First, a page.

Study Guide

Ghosts Memory and the Past

By Henrik Ibsen

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Memory and the Past

MANDERS. When Oswald appeared there, in the doorway, with the pipe in his mouth, I could have sworn I saw his father, large as life. (1.279)

Oswald's resemblance to his father, noticed by Pastor Manders, is one of the many ghosts in the play. As Mrs. Alving learns more of her son's illness, it's almost though her husband is back in the house.

OSWALD. Yes, I recollect it distinctly. He took me on his knee, and gave me the pipe. "Smoke, boy," he said; "smoke away, boy!" And I smoked as hard as I could, until I felt I was growing quite pale, and the perspiration stood in great drops on my forehead. Then he burst out laughing heartily – (1.290)

Oswald has few memories of his father, but this one is telling. It expresses his father's addictions and slightly cruel sense of humor. It also reveals his mother's sensitivity, and Oswald's own helplessness in understanding what was going on between them.

MANDERS. I will first stir up your memory a little. The moment is well chosen. To-morrow will be the tenth anniversary of your husband's death. To-morrow the memorial in his honour will be unveiled. To-morrow I shall have to speak to the whole assembled multitude. But to-day I will speak to you alone. (1.354)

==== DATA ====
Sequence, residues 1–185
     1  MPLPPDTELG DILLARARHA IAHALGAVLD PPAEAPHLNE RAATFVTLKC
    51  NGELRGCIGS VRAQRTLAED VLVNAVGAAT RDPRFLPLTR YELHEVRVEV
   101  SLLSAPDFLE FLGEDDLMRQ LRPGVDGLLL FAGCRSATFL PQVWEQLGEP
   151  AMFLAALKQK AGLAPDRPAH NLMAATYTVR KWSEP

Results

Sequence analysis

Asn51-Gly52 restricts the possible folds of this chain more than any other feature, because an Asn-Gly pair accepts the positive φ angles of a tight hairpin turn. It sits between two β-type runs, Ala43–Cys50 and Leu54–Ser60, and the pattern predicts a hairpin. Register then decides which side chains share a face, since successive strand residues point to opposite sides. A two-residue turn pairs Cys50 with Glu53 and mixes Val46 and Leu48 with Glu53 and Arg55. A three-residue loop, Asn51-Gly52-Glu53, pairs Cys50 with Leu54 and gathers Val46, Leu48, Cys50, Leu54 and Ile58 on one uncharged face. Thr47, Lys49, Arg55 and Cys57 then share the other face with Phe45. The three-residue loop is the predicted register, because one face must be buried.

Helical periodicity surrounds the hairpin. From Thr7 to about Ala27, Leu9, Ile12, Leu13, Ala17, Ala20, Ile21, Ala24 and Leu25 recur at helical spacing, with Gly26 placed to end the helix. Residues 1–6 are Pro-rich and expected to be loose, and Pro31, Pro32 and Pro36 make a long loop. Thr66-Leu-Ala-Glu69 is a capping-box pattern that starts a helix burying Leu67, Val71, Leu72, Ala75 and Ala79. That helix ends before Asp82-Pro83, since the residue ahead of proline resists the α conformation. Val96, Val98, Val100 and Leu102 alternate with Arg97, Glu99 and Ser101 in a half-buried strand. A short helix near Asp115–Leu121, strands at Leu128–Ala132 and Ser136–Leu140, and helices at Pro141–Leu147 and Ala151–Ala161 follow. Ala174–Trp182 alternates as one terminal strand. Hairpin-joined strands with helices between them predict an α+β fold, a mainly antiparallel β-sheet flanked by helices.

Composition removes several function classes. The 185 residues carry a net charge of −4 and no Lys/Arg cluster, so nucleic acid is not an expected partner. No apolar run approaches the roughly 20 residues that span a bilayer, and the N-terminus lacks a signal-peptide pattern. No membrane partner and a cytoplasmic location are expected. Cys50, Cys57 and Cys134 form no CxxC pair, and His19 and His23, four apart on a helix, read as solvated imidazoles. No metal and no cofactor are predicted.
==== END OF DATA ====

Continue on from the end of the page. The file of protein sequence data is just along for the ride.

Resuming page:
Setting the play on the anniversary of Captain Alving's death gives the play's action added emotional weight.

MRS. ALVING. Soon after, I heard Alving come in too. I heard him say something softly to her. And then I heard – [With a short laugh] – oh! it still sounds in my ears, so hateful and yet so ludicrous – I heard my own servant-maid whisper, "Let me go, Mr. Alving! Let me be!" (1.405)

These are the same words we hear later from Regina, when Oswald pursues her. Ibsen places a number of echoes in the play – Captain Alving's pipe, the overturned chair in the next room – to make Mrs. Alving feel as though she's in a haunted house.

MRS. ALVING. [Under her breath, but firmly.] No. But then this long, hateful comedy will be ended. From the day after to-morrow, I shall act in every way as though he who is dead had never lived in this house. There shall be no one here but my boy and his mother. (1.439)

Mrs. Alving is determined to bury her husband's memory once and for all. There's an assumption of control there that almost feels like hubris.

MRS. ALVING. [Hoarsely.] Ghosts! The couple from the conservatory – risen again! (1.443)

Hearing Regina say just the same words Johanna said so many years ago, Mrs. Alving is momentarily alarmed. But in her industrious way, she'll come into Act 2 full of ideas, searching for a way to solve the problem.

OSWALD. Everything will burn. All that recalls father's memory is doomed. Here am I, too, burning down. [REGINA starts and looks at him.] (3.84)

Oswald laments the death of his father's memory, even as Mrs. Alving plots for it.

MRS. ALVING. You ought to have known your father when he was a young lieutenant. He was brimming over with the joy of life! (3.110)

Though she spent most of the play attempting to bury her husband's memory for good, the return of her son succeeds her resurrecting and rehabilitating him. Mrs. Alving learns to understand and love the person who had been the object of her hate for so many years.

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